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WGIR-FM logo.jpg
City Manchester, New Hampshire
Broadcast area Merrimack Valley
Branding Rock 101
Slogan New Hampshire's Rock Radio
Frequency 101.1 MHz
First air date June 5, 1963 (1963-06-05)[1]
Format Mainstream rock
ERP 11,500 watts
HAAT 313 meters (1,027 ft)
Class B
Facility ID 35240
Transmitter coordinates 42°58′55″N 71°35′20″W / 42.982°N 71.589°W / 42.982; -71.589Coordinates: 42°58′55″N 71°35′20″W / 42.982°N 71.589°W / 42.982; -71.589
Callsign meaning GIRolimon family (former owner of its sister AM station)
Former callsigns WGIR-FM (1963–1969)
WNHS (1969–1972)
Owner iHeartMedia, Inc.
(Capstar TX LLC)
Sister stations WGIR
Webcast Listen Live (via iHeartRadio)
Website www.rock101fm.com

WGIR-FM is a radio station in Manchester, New Hampshire, airing a mainstream rock format, branded as Rock 101 in 1979. The station is owned by iHeartMedia, Inc., formerly Clear Channel Media, America's largest owner of radio stations. According to Arbitron, ROCK 101 is currently the #2 rated radio station in the Manchester radio market [1] behind 95.7 WZID. The morning show, Greg and the Morning Buzz, is shared with co-owned 100.3 WHEB in Portsmouth, New Hampshire and is one of the leading morning shows in New Hampshire also reaching into Massachusetts.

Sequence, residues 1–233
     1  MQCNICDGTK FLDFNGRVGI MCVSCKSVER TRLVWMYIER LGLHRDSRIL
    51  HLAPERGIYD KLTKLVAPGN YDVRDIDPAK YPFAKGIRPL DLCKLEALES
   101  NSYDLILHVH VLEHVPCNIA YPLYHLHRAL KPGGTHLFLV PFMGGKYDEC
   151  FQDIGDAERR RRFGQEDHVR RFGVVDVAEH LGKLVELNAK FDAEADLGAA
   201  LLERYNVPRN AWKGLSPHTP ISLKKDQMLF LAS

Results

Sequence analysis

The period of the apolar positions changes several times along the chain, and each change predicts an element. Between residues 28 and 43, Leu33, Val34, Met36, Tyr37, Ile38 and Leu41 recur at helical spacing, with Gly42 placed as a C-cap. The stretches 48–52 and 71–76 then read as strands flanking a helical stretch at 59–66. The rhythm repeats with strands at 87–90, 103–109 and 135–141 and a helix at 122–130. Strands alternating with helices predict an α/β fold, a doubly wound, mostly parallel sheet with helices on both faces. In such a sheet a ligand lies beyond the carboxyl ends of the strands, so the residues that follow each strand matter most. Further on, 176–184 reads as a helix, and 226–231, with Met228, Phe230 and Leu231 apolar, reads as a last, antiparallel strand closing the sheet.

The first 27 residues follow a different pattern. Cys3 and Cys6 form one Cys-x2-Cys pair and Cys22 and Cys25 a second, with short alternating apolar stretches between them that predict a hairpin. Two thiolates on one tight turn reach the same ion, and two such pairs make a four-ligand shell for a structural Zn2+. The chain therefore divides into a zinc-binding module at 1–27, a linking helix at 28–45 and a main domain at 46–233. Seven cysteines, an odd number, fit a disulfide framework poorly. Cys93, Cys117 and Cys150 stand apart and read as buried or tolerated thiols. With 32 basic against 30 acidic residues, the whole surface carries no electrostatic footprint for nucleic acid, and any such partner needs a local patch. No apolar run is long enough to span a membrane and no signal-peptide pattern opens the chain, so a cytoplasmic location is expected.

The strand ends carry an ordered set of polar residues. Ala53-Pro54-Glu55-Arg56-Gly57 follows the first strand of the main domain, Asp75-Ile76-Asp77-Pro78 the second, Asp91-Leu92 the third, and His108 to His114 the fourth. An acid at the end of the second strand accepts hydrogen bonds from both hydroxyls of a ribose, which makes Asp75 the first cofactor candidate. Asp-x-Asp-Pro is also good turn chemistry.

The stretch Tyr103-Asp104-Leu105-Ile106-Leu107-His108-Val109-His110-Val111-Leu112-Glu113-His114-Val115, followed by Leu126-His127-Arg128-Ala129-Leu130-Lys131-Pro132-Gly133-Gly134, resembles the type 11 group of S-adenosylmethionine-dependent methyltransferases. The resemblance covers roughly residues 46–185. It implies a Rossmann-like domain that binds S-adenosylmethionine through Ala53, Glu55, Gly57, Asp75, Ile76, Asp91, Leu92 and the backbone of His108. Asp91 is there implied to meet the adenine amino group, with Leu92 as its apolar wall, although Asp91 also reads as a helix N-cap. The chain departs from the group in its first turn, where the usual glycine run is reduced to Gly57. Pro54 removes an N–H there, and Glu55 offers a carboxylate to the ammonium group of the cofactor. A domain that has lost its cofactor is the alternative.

WGIR-FM first went on the air in June 1963, under the ownership of Knight Quality Stations, Inc. At first, it simulcast co-owned 610 WGIR (AM) with a mix of middle of the road (music), news and information. The 1970s saw WGIR-FM adopt a soft rock format including artists such as Fleetwood Mac, Linda Ronstadt, James Taylor and Carole King. By the 1980s, the station's sound evolved into a more mainstream Album-oriented rock format. From the 1990s to the early 2000s, WGIR-FM played mostly Classic rock. Saturdays and Sundays often were called "Block Party Weekends" where three or four songs were played in a row from the same classic rock artist. In the early 2000s, the station moved to a harder-edged rock format featuring current and past rock acts. By 2005, the station had permanently moved back to a classic heavy format.


  1. ^ Broadcasting & Cable Yearbook 1999 (PDF). 1999. p. D-281. Retrieved March 15, 2015. 

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